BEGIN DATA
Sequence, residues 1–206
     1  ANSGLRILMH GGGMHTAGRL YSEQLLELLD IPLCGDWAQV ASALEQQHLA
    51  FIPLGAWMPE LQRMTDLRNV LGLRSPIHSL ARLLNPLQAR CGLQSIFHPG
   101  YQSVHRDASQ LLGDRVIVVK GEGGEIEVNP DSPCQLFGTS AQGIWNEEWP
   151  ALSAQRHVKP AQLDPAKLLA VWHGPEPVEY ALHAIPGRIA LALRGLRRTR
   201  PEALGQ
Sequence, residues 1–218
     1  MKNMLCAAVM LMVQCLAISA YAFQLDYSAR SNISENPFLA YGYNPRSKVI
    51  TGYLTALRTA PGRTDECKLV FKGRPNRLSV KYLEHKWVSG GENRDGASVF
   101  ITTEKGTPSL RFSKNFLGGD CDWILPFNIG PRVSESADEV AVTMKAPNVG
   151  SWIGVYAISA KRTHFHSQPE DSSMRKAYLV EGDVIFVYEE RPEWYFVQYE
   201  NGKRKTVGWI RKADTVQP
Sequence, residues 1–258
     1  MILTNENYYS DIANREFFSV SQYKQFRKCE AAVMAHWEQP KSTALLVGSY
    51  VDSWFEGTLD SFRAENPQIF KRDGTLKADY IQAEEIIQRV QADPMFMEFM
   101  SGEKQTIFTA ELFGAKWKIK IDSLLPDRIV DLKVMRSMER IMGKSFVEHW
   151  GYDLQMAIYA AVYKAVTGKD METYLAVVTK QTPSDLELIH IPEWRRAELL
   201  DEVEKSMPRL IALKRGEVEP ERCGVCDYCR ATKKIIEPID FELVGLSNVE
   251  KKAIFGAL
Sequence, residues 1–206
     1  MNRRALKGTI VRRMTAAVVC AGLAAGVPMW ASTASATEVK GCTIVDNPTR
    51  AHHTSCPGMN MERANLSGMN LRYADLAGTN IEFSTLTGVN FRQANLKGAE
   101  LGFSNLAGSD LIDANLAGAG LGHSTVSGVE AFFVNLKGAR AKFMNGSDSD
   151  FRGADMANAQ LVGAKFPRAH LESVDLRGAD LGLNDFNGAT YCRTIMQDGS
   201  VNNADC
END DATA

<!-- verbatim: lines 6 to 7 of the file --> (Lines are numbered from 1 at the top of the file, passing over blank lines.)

   201  PEALGQ
Sequence, residues 1–218